The challenge for the future will be to maintain the “strong Catholic identity” of these schools. Schools are often the only point of contact for many with the Catholic Church and there is significant loyalty to the Catholic “brand”, with over 60 per cent of the year 12 students stating they would send their own children to a Catholic school. On the other hand this does not translate into regular church attendance either by parents or students.

For more information see: Pointers, Volume 21, No. 3, Pages 14-15

Religion and Youth: World Perspectives

Tuesday, July 15th, 2014

The riots in London have raised the issue again as to what is happening in Western culture. Many people have been asking what has gone wrong. There will be no simple answer. The structures of contemporary society need to be re-examined. One may also ask if such events demonstrate a rootlessness, a lack of purpose and altruism which religious faith would normally be addressing. In 2010, two major books were released on the study of religion and youth. Both books spell out clearly the decline of religion among young people and the decline of religious influence on behaviour. One was a collection of essays edited by Sylvia Collins-Mayo and Pink Dandelion, and simply titled, Religion and Youth. The second book, edited by the Italian sociologist, Giuseppe Giordan, was the first in a series of annual reviews of the sociology of religion and was entitled Youth and Religion.

The picture in northern and western Europe is very largely of a loss of interest in institutional forms of religion. In France, there is a widespread lack of interest in institutionalised religion, except among religious minority groups such as the Muslims. Nevertheless, there are many who still maintain some sort of belief. For example 36 per cent of young people agree that ‘there is a God’, and another 29 per cent affirm ‘there is some sort of spirit or life force’. While 35 per cent of French young people reject both God and a higher power (Giordan, p.181), most French young people are not strongly antagonistic to religion and many still come back to religion for some personal rites of passage.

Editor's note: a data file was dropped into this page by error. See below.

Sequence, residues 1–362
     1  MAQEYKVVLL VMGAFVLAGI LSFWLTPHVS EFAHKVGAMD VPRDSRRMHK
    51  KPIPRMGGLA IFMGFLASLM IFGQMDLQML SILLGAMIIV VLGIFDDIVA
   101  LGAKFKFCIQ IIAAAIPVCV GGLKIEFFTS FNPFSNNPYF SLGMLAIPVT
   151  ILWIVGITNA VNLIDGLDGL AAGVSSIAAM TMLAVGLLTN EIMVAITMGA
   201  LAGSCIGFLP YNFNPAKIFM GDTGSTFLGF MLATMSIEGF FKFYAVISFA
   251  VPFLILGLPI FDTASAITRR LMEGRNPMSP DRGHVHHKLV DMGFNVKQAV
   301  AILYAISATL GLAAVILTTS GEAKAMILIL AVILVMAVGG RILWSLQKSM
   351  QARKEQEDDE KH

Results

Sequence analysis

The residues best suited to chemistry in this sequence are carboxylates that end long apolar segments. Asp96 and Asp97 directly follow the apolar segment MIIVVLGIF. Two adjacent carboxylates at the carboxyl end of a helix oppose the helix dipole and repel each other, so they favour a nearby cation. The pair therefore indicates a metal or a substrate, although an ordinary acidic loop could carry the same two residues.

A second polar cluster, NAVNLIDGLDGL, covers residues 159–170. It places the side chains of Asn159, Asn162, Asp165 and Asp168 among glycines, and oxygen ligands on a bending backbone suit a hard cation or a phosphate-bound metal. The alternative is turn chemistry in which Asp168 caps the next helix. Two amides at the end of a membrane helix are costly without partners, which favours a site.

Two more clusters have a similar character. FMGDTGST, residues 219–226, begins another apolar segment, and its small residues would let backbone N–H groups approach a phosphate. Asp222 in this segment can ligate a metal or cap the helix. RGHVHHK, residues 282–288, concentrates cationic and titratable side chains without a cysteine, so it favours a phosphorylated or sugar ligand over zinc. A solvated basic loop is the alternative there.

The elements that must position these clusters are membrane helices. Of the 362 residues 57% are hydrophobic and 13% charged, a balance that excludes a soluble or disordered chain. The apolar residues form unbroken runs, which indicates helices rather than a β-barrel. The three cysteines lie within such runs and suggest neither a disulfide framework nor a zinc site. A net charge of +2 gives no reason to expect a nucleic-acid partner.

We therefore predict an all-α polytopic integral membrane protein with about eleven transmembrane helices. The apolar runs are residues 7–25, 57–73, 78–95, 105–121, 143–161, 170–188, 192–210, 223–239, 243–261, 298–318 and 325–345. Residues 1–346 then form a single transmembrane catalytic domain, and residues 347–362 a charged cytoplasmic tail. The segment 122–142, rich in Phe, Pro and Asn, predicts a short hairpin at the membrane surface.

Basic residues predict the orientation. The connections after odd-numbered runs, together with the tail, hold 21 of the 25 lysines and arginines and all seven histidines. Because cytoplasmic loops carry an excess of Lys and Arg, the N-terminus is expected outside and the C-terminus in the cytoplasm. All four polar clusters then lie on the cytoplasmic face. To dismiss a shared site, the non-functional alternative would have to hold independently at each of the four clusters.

The reasons for the decline are explored in greater depth in the book Religion and Youth. Richard Flory and Donald Miller begin the book by noting that those who were born after 1975 have grown up at the forefront of the digital revolution. They suggest that this revolution has placed multiple options in front of young people. They note that religion has become a choice in which denominational labels are relatively unimportant. Religious authority is internal rather than external, as in the hierarchy of a church. They value religious experiences more than religious beliefs and have the sense of being on a journey rather than in a static community (Collins-Mayo et al., p.10). They distrust institutions of many kinds, including both political and religious, and distrust their leaders (Collins-Mayo et al., p.11), although they do participate in some institutions, usually focussing on the relationships they find within. They live with residual fear, of economic collapse, environmental disaster or terrorist attack (Collins-Mayo et al., p.12).

While there has been general decline in religious involvement, there remain many small groups within European and other societies with high levels of belief and practice. A group of scholars from the Netherlands argue that, in their country, ‘the Christian churches have lost even more of their former appeal and legitimacy than almost anywhere else in the Western world’ (Giordan, p.289).